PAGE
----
When creating the world of his legendarium, Tolkien endeavored to give it the internal consistency necessary to make it feel real to his readers. As a philologist, he was highly aware of how languages interact and change in the real world and therefore carefully constructed languages for the inhabitants of Middle Earth and its environs which showed both synchronic and diachronic variation. Of course, the stories themselves were written in Modern English (though in the case of The Hobbit and The Lord of the Rings, for examples, imagined to be a translation by Tolkien himself from an original text written in the common speech of Middle Earth contemporary to the events discussed). This means that one of the most obvious places to find his languages in his work is in proper names. By thinking about the way Tolkien integrated his constructed languages and the names of the characters into the historical fabric of his sub-created world itself, one can understand his work better.
Names are important for any writer. One might consider, for instance, the famous example of the name of Hester Prynne's illegitimate daughter, Pearl. As this word is a common noun in English it carries with it many associations which the reader can give to the character (e.g. an item of great value, gem/daughter, brought about by something negative, pain/adultery). Writers can also name their characters after pertinent figures of history, literature, or myth. When writing fantasy and giving characters names that have no resonance in the primary world, as is the case with the majority of Tolkien's characters, the author is freer in the choices of names (there is no pressure to take them from those common in reality). But any name that has no connection to the world of the reader cannot easily convey meaning to the reader. Many fantasy writers are quite glad to embrace the former, excited by the thrill of putting together pleasant sounds alien to their daily speech, without mourning the latter, but this could not be the case for our devoted philologist.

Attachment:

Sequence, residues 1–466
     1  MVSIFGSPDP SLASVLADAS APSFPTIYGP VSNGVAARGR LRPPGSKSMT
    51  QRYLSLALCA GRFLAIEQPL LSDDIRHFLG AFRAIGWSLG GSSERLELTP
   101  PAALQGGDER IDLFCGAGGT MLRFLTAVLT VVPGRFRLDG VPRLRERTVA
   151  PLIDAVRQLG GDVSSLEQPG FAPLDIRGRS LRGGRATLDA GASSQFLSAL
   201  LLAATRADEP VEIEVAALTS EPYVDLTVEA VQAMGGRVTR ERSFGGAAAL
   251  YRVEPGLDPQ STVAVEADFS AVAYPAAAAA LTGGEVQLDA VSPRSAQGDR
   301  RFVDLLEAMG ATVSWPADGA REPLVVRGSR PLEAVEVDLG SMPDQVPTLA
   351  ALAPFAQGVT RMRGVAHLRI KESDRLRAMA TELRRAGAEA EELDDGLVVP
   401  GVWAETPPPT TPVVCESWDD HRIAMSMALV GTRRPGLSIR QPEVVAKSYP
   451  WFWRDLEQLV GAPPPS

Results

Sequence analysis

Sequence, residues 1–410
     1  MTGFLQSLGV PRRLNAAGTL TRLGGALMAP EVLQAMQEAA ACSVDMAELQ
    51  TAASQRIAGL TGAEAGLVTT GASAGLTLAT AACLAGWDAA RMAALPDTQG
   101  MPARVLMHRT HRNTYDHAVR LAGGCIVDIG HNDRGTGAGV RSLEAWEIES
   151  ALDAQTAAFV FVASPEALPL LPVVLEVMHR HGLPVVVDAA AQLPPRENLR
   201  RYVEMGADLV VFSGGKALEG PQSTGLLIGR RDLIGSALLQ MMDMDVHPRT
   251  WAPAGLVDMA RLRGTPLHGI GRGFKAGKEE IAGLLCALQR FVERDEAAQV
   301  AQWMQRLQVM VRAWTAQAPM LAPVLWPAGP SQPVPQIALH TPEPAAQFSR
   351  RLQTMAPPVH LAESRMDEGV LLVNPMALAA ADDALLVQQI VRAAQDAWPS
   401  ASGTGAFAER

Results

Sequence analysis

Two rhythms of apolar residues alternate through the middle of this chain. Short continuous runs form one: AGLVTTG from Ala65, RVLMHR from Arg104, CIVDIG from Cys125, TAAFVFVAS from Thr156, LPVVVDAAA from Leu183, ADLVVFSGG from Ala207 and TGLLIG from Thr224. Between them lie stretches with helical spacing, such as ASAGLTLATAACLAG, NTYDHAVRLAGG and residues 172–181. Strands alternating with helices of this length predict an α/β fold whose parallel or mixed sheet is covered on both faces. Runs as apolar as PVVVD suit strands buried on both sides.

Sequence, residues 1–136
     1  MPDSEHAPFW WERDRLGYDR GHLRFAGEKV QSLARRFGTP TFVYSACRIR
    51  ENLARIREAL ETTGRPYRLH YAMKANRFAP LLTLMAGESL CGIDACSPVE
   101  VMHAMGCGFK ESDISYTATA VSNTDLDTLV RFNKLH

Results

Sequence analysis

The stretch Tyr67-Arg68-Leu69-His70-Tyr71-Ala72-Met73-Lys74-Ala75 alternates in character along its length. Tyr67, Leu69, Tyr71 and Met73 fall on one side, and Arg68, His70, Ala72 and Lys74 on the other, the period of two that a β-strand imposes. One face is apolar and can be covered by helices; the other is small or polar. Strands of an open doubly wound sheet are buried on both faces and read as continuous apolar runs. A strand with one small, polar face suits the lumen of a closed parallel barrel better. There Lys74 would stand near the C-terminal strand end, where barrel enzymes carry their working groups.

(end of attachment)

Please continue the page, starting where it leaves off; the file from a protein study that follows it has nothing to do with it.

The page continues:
It would be beneficial to consider why Tolkien views names and the act of naming as important in his work by comparing it to other works dealing with magic and myth. In Ursula Le Guin's Earthsea books, for example, magic is done by knowing the true names of things. Every individual thing has one true name, and magic will only work as it ought if everything meant to be affected is properly named in the spell. In this world knowing something's true name gives one the power to control it. Learning these highly-specific names is tedious and unpleasant for the characters. Robert Graves offers another view of the import of names in his work The White Goddess. Though this is not a work of fantasy or even fiction (at least he did not consider it such), it is about myth and mythic language. He tries to show that all Western mythic names (and therefore all mythic figures and rites in pagan Europe) boil down to one mythic system, so all storm gods (and even important male gods who are not really storm gods, like the Judeo-Christian God) come from one figure associated with oak. This can be demonstrated, he claims, not only by ritual similarities but even by their names, which he connects by the presence of a d and l/r.
In Tolkien's world, by contrast to Le Guin, most characters have a multitude of
names which are correct. No one name is truer than any other (unless
the naming is done in order to deceive). The different names reflect